Judge rules against Carmel to halt 96th St. roundabout projects


A special judge has put a temporary halt on Carmel’s plans to build four different roundabouts along 96th Street because some Indianapolis officials are against the projects.

The city had plans to build roundabouts at Hazel Dell Parkway, Gray Road, Delegates Row and Randall Drive, but Indianapolis City County Councilor Christine Scales opposes those projects and won’t sign off on their construction, even though the Carmel would pay for 100 percent of the cost.

The two cities have agreed to Carmel’s roundabouts along 96th Street between Haverstick Road and Priority Way, including 96th Street and Keystone Parkway.

Carmel Mayor Jim Brainard said he would proceed with roundabout construction even without Scales’s blessing because, “state law requires that Carmel builds, maintains, shovels snow, salts and polices this boundary road at our expense,” Brainard said.

Indianapolis filed a lawsuit in June and on Aug. 10 Boone County Judge Matt Kincaid granted the preliminary injunction. He wouldn’t grant a permanent injunction, which Brainard told Current he thinks is a small victory.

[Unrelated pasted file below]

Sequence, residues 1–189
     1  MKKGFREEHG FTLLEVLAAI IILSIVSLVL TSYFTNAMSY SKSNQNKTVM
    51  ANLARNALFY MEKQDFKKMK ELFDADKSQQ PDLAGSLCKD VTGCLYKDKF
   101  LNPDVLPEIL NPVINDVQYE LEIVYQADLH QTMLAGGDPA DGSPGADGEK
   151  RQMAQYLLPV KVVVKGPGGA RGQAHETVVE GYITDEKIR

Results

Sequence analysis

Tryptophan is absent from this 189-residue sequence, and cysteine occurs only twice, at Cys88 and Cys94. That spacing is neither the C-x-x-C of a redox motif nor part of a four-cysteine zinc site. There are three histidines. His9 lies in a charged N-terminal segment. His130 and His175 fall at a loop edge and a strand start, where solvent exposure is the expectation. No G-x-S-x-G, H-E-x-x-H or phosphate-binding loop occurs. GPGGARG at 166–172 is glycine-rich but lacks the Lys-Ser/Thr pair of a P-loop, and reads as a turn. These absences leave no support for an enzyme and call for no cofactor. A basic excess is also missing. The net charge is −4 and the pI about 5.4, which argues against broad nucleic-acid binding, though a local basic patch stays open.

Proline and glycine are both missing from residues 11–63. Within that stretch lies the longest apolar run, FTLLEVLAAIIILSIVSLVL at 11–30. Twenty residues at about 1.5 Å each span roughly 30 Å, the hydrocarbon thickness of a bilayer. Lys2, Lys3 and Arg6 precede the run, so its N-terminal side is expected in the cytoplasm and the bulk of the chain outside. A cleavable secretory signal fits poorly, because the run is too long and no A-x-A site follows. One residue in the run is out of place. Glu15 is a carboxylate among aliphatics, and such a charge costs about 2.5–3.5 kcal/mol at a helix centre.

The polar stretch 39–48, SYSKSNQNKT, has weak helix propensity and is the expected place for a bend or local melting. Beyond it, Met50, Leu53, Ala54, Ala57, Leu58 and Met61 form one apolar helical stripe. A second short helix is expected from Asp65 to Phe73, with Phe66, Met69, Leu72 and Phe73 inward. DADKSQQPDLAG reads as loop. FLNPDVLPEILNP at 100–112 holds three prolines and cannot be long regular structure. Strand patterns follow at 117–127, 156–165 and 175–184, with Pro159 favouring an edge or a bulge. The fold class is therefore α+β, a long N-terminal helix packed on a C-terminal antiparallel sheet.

“It’s a preliminary ruling,” he said. “It’s not permanent. I’m very encouraged because the judge ordered Indianapolis to meet so I see this as progress.”

Previously, Scales had refused to meet with Brainard to discuss the matter. Brainard said he believes he can work out a deal through remediation because he said others in Indianapolis see these roundabouts as a positive, especially considering that Carmel will foot the bill. There’s no date set for that meeting yet.

Kincaid wrote that he thinks that Carmel has to receive permission from Indianapolis to build these projects.

“There is harm to Indianapolis’s territorial integrity as a city from Carmel unilaterally acting within it,” he stated.

Kincaid said that Carmel knew that an interlocal agreement was needed to begin these projects.

“The harm that Carmel is at risk for with increased costs, utility fines, impact on other projects has been brought about, to a degree, by Carmel itself,” he wrote. “Carmel knew that Indianapolis believed an interlocal was required and it knew of some risk that it might not get one.”